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element of which is the classical solution. In this sense the classical solution is also a generalized one. But there is even better news. Despite the fact that we define the elements of Sobolev and energy spaces as whole entities over some domain S in Rn , they possess certain local properties of additional smoothness in the domain that we can use. For example, from the general theory that lies outside the scope of this book, a generalized solution to the equation ∆u = f in S, an open bounded domain of R2 , belongs to W 2,p (B) for a closed set B in S if f ∈ Lp (S), where p > 1. So the generalized solution has not only the first but the second generalized derivatives on B and these are also in Lp (B). By Sobolev’s theorem, this means that the imbedding operator presents a continuous function on B that corresponds to the solution. In all subsequent calculations we can use this function on B instead of the element of the energy space. This situation resembles that for the beam under lumped loads: outside of certain singular portions of S, we can use ordinary continuous functions to describe the solution. On the singular sets and their neighborhoods, we must use the form that is defined as an element of the energy space. For the above problem, the singular set is not the whole boundary of S; rather, it consists only of the points where the boundary is not smooth, such as corner points. We should add that the equations of the most popular numerical method for the solution of mechanical equilibrium problems — the finite element method — are based on the VWP equation. Hence convergence of the method is always shown as convergence of approximations to the energy solution. The same holds for any variational numerical method applicable to these problems. We now turn to the description of equilibrium problems for more general deformations. The groundwork was laid by Cauchy, who developed the notion of stress tensor for a solid; this served to generalize the notion of pressure for a liquid or gas.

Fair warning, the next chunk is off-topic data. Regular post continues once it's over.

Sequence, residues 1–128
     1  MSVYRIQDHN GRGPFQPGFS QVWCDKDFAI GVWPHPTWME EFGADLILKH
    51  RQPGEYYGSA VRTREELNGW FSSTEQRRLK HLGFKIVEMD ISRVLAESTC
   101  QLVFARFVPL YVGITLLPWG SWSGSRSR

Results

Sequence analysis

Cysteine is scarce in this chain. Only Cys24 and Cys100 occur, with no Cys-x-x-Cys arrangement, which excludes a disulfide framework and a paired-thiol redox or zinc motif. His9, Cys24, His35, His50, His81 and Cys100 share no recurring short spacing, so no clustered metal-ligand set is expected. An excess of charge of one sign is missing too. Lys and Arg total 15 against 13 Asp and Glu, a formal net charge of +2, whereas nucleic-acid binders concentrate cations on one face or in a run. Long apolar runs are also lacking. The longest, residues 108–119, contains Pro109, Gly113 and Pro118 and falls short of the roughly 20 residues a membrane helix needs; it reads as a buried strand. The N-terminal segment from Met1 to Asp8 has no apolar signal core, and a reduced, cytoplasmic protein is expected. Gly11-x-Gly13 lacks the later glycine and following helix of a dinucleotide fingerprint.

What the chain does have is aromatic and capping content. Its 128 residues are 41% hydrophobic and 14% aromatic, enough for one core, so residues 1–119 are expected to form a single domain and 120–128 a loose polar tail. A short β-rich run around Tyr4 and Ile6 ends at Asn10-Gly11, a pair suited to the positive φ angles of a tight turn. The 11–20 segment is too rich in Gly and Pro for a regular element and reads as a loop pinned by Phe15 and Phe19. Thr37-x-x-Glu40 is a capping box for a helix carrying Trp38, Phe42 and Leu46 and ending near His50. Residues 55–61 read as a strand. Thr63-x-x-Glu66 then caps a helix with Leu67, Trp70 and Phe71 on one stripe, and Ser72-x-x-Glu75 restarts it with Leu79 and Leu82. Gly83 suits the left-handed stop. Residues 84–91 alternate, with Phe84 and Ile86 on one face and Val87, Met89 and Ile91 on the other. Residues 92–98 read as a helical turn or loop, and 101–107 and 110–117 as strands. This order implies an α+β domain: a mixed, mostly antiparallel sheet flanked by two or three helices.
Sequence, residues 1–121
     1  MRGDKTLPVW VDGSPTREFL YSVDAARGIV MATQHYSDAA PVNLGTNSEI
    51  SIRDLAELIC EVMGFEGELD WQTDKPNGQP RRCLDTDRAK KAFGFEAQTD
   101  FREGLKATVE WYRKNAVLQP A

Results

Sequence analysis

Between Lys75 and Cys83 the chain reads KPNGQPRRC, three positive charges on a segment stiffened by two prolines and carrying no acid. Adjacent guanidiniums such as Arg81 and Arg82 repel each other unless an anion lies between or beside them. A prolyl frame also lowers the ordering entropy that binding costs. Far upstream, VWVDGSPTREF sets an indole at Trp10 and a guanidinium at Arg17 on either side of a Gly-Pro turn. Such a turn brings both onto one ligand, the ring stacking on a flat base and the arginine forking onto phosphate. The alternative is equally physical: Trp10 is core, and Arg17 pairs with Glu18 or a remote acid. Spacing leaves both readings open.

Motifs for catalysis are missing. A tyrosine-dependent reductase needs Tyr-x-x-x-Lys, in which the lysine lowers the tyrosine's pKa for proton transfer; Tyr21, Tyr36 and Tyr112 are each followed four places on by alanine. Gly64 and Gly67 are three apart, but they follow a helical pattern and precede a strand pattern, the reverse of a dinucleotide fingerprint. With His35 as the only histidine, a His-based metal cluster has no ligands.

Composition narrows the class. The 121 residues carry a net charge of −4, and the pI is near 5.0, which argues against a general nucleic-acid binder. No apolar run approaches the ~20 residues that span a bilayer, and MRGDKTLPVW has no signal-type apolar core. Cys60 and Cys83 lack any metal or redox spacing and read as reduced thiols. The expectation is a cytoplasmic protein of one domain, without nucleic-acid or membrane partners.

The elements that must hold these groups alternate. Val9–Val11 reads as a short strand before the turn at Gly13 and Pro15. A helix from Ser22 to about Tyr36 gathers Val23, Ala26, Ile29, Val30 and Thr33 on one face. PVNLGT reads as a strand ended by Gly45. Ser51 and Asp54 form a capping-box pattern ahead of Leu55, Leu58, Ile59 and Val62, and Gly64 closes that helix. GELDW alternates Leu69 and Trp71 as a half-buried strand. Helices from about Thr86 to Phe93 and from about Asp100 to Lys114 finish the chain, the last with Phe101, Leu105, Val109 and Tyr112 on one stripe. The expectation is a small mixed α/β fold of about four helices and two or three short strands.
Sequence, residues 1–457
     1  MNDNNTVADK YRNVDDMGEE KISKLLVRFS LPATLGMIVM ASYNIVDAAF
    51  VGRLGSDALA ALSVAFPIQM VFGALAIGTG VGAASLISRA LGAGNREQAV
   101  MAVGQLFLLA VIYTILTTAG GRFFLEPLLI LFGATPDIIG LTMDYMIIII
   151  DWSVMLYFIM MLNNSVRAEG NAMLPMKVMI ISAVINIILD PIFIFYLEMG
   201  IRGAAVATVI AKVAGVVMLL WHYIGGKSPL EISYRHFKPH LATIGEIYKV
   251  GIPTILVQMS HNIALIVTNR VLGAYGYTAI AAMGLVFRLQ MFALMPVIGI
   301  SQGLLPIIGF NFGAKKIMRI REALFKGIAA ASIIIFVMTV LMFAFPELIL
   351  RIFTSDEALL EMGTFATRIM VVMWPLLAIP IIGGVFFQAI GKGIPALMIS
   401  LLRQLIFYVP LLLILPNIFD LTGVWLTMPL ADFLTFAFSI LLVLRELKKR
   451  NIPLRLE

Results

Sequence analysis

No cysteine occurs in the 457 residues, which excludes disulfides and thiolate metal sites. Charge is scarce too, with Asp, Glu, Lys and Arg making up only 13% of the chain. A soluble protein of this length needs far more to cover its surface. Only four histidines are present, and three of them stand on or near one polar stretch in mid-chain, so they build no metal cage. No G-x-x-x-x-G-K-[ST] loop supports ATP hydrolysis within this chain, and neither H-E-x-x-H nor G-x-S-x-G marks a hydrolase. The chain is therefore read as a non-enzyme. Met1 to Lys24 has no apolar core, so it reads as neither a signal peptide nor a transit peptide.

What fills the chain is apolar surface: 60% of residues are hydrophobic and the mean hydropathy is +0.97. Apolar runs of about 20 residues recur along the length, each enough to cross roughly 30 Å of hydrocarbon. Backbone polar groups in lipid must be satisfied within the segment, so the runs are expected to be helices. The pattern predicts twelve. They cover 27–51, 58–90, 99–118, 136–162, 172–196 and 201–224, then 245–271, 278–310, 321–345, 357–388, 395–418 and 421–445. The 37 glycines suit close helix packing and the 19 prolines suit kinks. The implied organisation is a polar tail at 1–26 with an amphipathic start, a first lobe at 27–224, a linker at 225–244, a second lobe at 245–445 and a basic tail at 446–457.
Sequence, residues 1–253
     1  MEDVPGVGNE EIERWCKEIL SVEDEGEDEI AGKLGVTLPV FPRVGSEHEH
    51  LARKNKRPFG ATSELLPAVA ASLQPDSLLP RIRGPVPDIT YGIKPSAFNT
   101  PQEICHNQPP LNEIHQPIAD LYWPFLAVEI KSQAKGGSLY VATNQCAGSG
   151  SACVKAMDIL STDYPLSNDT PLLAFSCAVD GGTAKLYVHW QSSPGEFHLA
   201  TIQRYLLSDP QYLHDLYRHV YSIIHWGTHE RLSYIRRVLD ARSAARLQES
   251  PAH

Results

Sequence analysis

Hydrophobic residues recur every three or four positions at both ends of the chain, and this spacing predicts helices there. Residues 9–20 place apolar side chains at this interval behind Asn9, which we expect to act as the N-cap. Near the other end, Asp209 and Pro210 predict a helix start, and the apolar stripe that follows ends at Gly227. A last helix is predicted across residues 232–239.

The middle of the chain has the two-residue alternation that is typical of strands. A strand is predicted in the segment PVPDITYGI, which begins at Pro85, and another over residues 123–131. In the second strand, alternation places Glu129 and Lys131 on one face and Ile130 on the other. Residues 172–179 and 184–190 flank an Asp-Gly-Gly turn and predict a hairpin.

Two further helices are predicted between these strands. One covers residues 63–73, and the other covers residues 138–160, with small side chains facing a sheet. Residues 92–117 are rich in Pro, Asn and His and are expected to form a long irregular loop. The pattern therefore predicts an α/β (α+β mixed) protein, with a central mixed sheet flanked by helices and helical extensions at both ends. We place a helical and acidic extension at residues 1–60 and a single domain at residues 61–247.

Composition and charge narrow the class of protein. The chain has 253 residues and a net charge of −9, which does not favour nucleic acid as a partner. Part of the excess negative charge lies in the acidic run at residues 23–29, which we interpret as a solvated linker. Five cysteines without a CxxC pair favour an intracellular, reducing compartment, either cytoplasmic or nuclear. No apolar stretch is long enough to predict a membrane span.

3.6

Pressure and Stresses

When dealing with material points or rigid bodies, it suffices to consider lumped forces having certain directions and lines of action. For deformable bodies we must consider volume-distributed forces; one cannot shift the point of application of such a force, as this will alter the deformation of the body. As earlier for the bar, we suppose we can describe the action of

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one portion the body on another by introducing a cut along with suitable reaction forces over this surface. One such reaction is the pressure, defined in elementary physics as force per unit area: p = F/S.

(3.6.1)

This “definition” assumes that F acts normally to the planar area S and is distributed uniformly over that area. Pascal’s law for the pressure in a liquid or gas also fits this definition. We can consider a nonuniform distribution of pressure over a surface, introducing a value of p at some point r via the limit expression ∆F , ∆S→0 ∆S

p = lim

(3.6.2)